Starting Up in Pandemic Times: Bootstrapping the Beginnings of Your Business

Starting Up in Pandemic Times: Bootstrapping the Beginnings of Your Business
Getting a business up and running requires capital. In these pandemic times, entrepreneurs may have less access to various sources of funding than usual. Here are reasons small business owners may consider bootstrapping rather than taking on funding.
by Madelyn Young Jan 18, 2021 — 3 min read
Starting Up in Pandemic Times: Bootstrapping the Beginnings of Your Business

This article is for educational purposes and does not constitute legal, employment, or tax advice. For specific advice applicable to your business, please contact a professional.

Getting a business up and running requires capital, but entrepreneurs may have less access to funding or may be more hesitant to take on debt for a new business venture amid the COVID-19 pandemic.

That makes now a wise time to consider bootstrapping a business as much as possible. Small business owners can lay the groundwork for growing their businesses in a sustainable way by focusing on reinvesting profits in the early days of the company. By not taking on funding initially, business owners can hold on to equity and potentially reduce accruing debt.

Challenging conditions

While COVID-19 has made business and economic environments unpredictable it isn’t limiting entrepreneurs and small business owners from launching new ventures. Applications for new U.S. businesses are rising at the fastest rate since 2007.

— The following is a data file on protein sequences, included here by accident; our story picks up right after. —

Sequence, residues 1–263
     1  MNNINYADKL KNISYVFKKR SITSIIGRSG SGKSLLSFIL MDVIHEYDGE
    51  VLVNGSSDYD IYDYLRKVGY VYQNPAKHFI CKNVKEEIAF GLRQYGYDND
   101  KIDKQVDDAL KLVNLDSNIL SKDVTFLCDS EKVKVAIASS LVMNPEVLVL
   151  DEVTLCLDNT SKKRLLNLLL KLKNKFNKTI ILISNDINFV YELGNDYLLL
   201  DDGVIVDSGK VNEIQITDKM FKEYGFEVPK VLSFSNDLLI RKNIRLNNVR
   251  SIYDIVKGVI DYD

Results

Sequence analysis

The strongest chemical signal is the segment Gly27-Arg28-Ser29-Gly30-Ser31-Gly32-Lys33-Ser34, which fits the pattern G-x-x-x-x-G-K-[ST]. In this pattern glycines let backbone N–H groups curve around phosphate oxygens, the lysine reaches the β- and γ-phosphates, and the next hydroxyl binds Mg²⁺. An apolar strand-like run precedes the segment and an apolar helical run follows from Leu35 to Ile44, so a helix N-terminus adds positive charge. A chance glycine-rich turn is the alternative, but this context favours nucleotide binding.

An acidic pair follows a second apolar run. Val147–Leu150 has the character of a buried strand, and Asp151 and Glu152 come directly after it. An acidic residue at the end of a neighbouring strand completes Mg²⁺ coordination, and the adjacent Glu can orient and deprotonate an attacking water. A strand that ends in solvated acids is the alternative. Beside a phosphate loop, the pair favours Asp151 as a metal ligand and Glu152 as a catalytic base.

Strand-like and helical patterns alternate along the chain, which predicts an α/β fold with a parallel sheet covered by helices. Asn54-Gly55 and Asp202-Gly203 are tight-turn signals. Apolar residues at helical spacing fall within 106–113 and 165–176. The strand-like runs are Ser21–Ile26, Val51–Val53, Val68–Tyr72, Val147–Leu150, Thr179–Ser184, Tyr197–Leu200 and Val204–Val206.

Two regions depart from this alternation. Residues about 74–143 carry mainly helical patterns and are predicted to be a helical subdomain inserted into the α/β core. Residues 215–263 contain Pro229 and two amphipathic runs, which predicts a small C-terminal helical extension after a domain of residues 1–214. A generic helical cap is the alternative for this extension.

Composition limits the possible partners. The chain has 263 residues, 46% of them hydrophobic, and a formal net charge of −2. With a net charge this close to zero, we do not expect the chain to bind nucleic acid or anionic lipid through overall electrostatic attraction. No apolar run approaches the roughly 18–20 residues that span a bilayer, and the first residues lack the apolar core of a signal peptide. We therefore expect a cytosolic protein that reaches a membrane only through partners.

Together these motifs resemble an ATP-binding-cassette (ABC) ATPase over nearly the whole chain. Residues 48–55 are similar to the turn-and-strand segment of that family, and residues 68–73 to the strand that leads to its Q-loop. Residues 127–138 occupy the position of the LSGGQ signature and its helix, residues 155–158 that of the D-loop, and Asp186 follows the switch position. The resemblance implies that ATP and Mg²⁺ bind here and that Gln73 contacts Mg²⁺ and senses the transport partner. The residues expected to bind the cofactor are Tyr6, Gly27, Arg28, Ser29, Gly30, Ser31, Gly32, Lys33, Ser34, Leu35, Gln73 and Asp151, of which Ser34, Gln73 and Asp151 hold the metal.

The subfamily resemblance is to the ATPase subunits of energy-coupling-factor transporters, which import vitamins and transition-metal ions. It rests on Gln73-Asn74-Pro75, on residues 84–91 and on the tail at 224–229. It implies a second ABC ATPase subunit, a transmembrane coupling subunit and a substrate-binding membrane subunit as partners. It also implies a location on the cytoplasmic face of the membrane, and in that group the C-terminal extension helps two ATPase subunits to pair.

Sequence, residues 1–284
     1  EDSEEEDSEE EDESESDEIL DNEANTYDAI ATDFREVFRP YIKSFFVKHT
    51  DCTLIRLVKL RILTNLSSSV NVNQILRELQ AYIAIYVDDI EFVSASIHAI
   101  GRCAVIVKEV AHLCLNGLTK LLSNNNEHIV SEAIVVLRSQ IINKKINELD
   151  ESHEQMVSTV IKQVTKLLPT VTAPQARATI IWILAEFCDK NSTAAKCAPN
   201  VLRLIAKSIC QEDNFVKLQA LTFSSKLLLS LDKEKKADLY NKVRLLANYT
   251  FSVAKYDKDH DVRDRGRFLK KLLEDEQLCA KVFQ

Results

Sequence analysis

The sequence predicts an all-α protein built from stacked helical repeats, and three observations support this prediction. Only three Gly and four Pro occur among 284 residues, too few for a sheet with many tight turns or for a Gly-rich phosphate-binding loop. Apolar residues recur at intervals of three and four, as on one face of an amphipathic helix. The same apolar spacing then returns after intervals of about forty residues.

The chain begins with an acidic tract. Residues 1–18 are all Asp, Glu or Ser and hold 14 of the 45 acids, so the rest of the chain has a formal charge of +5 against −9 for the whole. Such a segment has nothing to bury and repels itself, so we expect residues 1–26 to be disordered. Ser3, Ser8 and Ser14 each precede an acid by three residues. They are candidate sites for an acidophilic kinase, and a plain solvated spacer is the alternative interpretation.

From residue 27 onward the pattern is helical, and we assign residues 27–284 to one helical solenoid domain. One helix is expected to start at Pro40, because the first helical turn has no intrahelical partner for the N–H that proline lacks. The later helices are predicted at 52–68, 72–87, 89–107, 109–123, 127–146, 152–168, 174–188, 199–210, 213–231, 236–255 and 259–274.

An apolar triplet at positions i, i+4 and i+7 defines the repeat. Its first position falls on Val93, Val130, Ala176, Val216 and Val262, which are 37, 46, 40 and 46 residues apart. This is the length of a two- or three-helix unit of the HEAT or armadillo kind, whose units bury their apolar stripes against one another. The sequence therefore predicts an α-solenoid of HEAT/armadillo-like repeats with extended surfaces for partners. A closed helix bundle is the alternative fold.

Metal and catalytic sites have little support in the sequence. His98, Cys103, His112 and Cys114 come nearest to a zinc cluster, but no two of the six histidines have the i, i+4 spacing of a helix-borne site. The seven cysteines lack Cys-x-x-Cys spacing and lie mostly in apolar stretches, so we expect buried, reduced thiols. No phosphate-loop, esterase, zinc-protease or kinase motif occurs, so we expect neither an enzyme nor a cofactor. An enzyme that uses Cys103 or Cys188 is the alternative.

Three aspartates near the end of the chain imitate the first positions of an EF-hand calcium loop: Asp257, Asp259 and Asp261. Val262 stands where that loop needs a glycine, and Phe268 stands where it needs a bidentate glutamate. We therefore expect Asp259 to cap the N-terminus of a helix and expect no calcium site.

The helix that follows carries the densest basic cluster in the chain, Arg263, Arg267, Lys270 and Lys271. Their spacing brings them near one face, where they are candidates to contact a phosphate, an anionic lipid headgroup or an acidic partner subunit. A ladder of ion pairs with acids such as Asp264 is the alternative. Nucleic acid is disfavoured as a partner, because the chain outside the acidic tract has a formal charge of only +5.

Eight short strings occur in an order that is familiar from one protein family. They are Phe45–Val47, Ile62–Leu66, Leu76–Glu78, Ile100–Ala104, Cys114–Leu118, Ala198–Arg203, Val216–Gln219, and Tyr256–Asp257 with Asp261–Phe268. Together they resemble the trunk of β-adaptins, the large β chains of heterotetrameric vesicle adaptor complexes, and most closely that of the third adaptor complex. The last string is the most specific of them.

How entrepreneurs will finance those new businesses however is less certain. Entrepreneurs may have used a combination of measures to fund startup costs like equipment, software or payment solutions and get the business off the ground prior to COVID-19.

Some of the financing measures business owners may have taken include things like taking on equity partners, taking out business or personal loans, or asking for capital from friends and family members.

In today’s uncertain business environment, all of this is more challenging. Investors may be open to taking virtual meetings, for example, but some experts warn that investors could request deal terms and valuations that are less favorable to entrepreneurs than those seen before the pandemic as they are potentially exposing themselves to more risk.

Banks, meanwhile, have tightened business lending standards (with higher interest and collateral requirements) and are charging higher premiums on riskier loans. With many individuals still recovering financially from the job losses of Spring 2020, it’s a sensitive time to be asking friends or family to help you out.

Income-first approach

As a consequence, it may be more feasible for entrepreneurs to bootstrap their businesses at first than to raise funds from outside sources. This might involve finding ways to earn income and prove the viability of the business before taking out a loan or line of credit (or taking on an investor) to finance growth.